Tuesday, May 6, 2014

BC News

Regulating Private Education

Ministry looking at new governance model

Released by Alexis Lunn, BC Ombudsperson


C Ombudsperson Kim Carter announced today that she has launched a systemic investigation into the regulation and oversight of private career training institutions in British Columbia.


Last month, the Ministry of Advanced Education appointed a public administrator to discharge the powers, duties and functions of the PCTIA Board and it is now exploring a new model for the regulation of private career training institutions.


"Even though the PCTIA Board has been dissolved, this investigation will result in recommendations that will be important to a new model that oversees private career training institutions", says Carter. The investigation will consider a number of issues including governance, quality assurance, student protection and complaint processes.

"Private career training institutions are a well-established part of post-secondary education in B.C.", says Carter. "These schools provide education and training in a wide range of studies and trades including health care assistants, pipeline construction, heavy equipment operators and pilot training. Over 51,000 students in B.C. attending a post-secondary institution were enrolled at a private career training institution. It's important to have a system that operates fairly, reasonably and that protects those students and British Columbians whose safety and good health depend on the education the students receive.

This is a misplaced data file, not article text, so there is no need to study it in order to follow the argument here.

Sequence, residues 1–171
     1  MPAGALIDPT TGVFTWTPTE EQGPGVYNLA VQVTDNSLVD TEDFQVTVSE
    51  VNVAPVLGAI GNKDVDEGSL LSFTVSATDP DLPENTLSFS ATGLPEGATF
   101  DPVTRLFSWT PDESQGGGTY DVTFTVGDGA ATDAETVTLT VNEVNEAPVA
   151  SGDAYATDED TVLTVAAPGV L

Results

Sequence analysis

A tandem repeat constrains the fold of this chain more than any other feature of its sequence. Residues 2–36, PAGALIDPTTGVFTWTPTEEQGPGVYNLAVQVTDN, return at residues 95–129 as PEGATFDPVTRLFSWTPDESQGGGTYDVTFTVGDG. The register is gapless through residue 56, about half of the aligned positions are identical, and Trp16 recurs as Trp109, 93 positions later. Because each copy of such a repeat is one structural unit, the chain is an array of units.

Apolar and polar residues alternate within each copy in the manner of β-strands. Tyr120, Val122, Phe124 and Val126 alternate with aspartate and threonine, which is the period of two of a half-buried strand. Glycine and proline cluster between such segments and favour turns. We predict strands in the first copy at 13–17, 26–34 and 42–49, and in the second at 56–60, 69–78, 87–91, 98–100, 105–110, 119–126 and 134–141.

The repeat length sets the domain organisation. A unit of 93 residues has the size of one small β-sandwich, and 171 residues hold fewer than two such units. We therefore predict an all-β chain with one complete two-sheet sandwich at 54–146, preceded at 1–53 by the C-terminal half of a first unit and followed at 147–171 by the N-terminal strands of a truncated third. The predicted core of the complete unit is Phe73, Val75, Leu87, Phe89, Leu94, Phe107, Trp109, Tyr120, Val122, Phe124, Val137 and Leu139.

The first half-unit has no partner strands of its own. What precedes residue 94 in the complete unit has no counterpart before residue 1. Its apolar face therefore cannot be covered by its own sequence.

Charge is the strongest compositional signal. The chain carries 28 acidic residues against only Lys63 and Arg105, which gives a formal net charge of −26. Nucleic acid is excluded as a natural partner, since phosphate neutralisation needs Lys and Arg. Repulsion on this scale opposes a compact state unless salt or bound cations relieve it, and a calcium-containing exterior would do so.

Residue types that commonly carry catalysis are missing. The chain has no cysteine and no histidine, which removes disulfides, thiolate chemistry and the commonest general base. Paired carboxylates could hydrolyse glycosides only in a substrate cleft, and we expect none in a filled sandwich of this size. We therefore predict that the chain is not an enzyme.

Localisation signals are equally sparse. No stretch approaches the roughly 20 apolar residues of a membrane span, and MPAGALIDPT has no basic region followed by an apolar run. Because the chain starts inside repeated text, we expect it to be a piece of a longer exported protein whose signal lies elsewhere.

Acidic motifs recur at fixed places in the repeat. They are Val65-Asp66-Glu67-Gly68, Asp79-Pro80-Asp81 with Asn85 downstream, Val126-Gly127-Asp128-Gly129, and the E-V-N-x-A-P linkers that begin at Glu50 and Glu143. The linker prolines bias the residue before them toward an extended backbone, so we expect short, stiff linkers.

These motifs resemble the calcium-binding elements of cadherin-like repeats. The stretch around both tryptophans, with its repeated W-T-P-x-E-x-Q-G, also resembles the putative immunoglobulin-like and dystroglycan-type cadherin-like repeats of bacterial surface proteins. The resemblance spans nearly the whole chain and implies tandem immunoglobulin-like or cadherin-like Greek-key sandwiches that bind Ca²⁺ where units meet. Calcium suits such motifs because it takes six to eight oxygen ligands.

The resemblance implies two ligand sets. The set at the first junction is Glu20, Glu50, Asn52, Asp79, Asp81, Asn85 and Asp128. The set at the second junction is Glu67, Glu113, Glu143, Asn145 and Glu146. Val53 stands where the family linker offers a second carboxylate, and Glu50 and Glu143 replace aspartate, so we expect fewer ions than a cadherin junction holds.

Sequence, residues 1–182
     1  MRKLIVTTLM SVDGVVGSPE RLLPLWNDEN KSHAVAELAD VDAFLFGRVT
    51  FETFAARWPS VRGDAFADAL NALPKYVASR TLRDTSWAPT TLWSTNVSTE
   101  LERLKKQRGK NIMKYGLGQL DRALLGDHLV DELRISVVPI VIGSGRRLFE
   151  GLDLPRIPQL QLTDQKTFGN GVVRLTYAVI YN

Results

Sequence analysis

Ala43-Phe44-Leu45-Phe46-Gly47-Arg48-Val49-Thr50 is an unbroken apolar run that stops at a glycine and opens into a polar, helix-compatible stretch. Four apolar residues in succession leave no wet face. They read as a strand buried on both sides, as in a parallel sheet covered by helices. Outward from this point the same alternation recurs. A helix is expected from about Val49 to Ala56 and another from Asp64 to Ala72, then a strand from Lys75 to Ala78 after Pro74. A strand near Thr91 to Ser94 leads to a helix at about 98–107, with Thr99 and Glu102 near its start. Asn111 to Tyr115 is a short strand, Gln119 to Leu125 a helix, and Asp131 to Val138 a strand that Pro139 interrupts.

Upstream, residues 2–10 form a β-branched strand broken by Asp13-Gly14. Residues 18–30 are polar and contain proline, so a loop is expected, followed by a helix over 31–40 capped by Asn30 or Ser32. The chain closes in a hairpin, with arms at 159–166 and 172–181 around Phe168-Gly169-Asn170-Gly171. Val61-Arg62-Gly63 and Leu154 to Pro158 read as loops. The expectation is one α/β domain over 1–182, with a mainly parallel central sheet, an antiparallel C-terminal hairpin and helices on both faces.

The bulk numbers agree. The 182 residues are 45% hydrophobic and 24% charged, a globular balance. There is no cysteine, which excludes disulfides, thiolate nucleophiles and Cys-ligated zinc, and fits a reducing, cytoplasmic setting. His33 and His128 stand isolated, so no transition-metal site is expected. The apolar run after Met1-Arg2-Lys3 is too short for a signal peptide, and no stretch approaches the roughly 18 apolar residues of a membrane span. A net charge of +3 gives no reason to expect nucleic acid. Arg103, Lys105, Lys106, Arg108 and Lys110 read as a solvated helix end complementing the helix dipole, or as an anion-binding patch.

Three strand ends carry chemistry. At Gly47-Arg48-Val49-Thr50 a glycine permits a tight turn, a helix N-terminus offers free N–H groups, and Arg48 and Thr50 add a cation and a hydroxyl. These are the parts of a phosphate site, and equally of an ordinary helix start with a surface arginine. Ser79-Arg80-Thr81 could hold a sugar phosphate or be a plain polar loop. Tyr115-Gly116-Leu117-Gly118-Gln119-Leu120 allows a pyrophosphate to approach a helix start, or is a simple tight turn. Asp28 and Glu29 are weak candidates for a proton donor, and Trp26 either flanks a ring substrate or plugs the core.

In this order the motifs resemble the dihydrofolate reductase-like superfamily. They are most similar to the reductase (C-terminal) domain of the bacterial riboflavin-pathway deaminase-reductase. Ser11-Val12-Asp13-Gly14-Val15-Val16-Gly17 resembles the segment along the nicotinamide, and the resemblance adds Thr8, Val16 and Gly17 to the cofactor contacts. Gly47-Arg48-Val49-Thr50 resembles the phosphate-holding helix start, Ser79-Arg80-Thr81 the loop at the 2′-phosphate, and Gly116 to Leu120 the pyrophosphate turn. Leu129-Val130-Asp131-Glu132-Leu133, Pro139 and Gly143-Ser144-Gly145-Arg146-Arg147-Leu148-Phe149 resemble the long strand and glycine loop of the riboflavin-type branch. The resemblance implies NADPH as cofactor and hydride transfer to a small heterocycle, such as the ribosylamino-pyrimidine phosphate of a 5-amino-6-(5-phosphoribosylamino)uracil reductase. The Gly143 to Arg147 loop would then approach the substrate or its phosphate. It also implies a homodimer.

"In March 2013 when the ministry issued a Green Paper on the Quality Assurance Framework for B.C.'s post-secondary institutions, I was hopeful that administrative fairness issues we had identified in individual complaints could be addressed by a new quality assurance model", says Carter. "In June 2013, I met with the Ministry of Advanced Education to discuss the nature of the concerns and complaints our office has dealt with and to identify elements important to the fair and effective functioning of a quality assurance process, including adequate complaints processes, accessible public information, ongoing monitoring and compliance programs and a regulatory body that serves the public interest and avoids potential conflicts of interest. In February 2014, when it became clear that the ministry would not be implementing the Green Paper proposals, I notified the ministry and PCTIA that I was commencing a systemic investigation."

As part of the investigation process, the Ombudsperson is providing an opportunity to provide input through a confidential on-line questionnaire at www.bcombudsperson.ca.

The Office of the Ombudsperson receives enquiries and complaints about the practices and services of public agencies within its jurisdiction. Its role is to impartially investigate these complaints to determine whether public agencies have acted fairly and reasonably, and whether their actions and decisions were consistent with relevant legislation, policies and procedures. In addition to investigating individual complaints, the Ombudsperson also conducts systemic investigations into complex issues and makes recommendations for improvement.



Copyright (c) 2009-2014 The Valley Voice